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The Bethesda System for Reporting Cervical Cytology

Saturday 14 September 2013

Epithelial cell anomalies according to The Bethesda System

In the US and in many other countries, cytology is reported according to the Bethesda System.

Epithelial cell anomalies according to The Bethesda System

- Atypical squamous cells of undetermined significance ASCUS
- Atypical glandular cells of undetermined significance AGUS
- Low-grade squamous intraepithelial lesion LSIL or LGSIL / Encompasses HPV (koilocytosis), mild dysplasia, CIN-1
- High-grade squamous intraepithelial lesion HSIL or HGSIL / Encompasses moderate and severe dysplasia and carcinoma in situ, CIN2, CIN-3
- Squamous cell carcinoma  
- Endocervical adenocarcinoma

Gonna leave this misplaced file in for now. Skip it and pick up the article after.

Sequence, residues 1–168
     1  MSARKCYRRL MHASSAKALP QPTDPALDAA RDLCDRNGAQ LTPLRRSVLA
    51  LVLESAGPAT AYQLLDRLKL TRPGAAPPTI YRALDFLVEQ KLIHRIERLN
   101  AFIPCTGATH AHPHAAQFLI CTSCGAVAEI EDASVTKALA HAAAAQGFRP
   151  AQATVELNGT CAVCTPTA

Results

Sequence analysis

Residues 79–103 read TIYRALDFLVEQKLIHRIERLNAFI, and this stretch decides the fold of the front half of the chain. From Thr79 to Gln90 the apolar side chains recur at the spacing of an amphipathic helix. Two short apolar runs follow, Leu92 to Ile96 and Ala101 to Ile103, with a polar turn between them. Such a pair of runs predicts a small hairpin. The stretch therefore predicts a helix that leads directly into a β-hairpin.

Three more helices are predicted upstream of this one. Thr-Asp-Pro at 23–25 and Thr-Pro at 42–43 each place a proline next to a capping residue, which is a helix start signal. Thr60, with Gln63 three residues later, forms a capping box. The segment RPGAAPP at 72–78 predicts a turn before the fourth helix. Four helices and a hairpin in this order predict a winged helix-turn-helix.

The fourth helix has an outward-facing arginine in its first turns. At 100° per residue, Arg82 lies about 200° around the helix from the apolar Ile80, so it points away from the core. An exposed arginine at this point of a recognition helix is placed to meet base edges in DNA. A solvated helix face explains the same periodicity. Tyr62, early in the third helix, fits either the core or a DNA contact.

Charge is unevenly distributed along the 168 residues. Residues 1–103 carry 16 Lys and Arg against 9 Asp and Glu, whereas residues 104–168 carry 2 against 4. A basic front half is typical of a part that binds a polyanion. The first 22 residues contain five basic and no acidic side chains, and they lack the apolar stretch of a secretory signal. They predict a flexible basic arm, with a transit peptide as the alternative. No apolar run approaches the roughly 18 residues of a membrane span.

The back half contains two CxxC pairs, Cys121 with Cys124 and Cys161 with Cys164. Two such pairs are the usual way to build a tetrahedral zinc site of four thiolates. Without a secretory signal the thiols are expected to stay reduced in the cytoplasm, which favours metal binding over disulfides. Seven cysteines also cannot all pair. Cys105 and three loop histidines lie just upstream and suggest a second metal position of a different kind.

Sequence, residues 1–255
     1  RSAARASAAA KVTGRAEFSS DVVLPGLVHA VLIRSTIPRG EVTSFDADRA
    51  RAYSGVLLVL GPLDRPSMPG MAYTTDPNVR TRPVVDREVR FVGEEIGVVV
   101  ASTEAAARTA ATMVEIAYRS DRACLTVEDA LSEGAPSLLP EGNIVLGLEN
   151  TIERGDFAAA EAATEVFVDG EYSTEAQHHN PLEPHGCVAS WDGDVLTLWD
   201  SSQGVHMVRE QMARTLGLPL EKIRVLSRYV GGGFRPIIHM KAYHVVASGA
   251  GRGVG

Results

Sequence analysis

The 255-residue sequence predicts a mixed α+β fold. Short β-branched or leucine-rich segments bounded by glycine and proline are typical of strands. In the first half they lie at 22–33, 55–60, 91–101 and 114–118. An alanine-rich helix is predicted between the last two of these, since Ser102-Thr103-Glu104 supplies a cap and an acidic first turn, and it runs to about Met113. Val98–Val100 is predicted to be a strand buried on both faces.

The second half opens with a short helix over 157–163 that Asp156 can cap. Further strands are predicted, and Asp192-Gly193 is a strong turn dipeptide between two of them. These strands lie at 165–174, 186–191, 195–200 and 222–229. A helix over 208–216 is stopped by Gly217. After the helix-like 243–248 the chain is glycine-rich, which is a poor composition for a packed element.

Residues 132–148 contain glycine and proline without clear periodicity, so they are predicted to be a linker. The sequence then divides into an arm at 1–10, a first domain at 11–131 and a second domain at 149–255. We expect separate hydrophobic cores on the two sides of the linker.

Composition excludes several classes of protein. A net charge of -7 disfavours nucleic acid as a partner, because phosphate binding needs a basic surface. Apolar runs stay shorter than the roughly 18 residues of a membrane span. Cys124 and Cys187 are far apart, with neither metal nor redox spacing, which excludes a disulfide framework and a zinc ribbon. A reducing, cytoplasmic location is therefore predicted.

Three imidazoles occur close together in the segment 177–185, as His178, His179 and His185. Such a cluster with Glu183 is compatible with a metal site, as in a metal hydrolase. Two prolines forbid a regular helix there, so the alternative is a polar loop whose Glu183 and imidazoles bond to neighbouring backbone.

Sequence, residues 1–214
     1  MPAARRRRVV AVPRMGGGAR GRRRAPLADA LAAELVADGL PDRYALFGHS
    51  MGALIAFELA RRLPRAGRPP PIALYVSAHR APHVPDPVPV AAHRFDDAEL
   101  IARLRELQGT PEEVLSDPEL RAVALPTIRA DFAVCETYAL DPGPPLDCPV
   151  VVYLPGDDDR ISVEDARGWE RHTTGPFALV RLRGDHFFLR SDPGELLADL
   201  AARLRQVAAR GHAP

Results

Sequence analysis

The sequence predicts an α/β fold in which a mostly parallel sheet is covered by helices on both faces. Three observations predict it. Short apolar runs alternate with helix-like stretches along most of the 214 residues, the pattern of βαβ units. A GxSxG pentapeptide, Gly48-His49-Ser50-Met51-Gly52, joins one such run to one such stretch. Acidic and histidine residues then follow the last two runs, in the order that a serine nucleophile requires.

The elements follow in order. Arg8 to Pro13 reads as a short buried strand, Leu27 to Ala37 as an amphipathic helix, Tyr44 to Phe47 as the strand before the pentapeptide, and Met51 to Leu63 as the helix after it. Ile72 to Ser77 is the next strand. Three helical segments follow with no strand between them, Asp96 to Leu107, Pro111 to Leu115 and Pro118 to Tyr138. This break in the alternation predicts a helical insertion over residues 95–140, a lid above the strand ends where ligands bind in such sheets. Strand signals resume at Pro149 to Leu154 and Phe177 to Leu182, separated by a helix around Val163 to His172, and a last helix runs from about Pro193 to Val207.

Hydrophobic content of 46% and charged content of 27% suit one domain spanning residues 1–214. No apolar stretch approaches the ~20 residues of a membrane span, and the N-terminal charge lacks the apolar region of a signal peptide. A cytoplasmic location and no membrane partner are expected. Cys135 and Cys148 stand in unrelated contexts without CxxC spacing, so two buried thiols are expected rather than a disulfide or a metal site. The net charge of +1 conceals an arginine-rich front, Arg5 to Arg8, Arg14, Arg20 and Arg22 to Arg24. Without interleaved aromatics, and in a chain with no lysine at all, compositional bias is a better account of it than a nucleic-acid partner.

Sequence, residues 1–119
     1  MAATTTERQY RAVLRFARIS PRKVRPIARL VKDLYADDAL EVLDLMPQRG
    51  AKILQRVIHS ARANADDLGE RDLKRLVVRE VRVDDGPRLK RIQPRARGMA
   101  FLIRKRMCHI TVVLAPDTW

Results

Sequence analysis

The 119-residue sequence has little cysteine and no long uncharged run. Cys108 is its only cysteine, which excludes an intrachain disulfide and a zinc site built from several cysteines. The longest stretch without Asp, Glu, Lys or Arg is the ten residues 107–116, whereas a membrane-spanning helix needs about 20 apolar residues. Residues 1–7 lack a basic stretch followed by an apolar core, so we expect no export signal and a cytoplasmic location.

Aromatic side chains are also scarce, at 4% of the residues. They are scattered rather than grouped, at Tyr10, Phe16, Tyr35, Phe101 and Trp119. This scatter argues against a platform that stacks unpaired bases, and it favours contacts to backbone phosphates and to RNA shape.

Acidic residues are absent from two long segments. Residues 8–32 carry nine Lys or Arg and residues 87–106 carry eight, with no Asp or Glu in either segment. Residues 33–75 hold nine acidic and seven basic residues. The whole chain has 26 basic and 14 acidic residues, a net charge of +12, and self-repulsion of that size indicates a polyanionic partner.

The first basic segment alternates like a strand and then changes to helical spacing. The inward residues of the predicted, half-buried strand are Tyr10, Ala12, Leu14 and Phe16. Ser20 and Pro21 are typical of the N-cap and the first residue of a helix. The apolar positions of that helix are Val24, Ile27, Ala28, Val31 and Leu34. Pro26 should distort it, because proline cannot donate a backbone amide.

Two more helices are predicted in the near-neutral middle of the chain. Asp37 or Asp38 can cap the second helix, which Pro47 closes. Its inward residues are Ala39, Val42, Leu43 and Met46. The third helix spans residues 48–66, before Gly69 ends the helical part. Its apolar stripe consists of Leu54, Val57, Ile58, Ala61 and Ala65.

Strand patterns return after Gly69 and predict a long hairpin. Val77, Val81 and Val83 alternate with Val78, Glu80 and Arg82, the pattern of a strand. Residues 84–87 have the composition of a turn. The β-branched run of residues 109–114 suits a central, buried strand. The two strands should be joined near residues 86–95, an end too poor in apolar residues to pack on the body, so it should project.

- Endometrial adenocarcinoma  
- Extrauterine adenocarcinoma  
- Adenocarcinoma, not otherwise specified  
- Other malignant neoplasia  

Nota bene

HSIL or LSIL cytology is the usual trigger to initiate colposcopy and/or diagnostic conization.

The presence of atypical squamous cells of undetermined significance (ASCUS) or atypical glandular cells of undetermined significance (AGUS) cytology, in particular when associated with high-risk human papillomavirus (HPV) and no colposcopic anomaly, also may require the same approach.

Cytologic categories must be distinguished carefully from histologic diagnoses.

Cytology has a high sensitivity for CIN, in general, but a low specificity for its grade.

Regrettably, cytologic and histologic diagnostic terms often are used interchangeably. Cytology tends to underestimate the severity of CIN.

As an example, high-grade (grades 2 and 3) CIN was preceded by HSIL in only 31% of cases in data compiled from 6 publications.

Testing for human papillomavirus: Presence of high-risk HPV (types 16,18, 31, 33, 35, 39, 45, 51, 52, 56, 58, and 59), usually detected by Hybrid Capture II test, reinforces the need for histologic diagnosis, even if cytology is reported normal or of undetermined significance.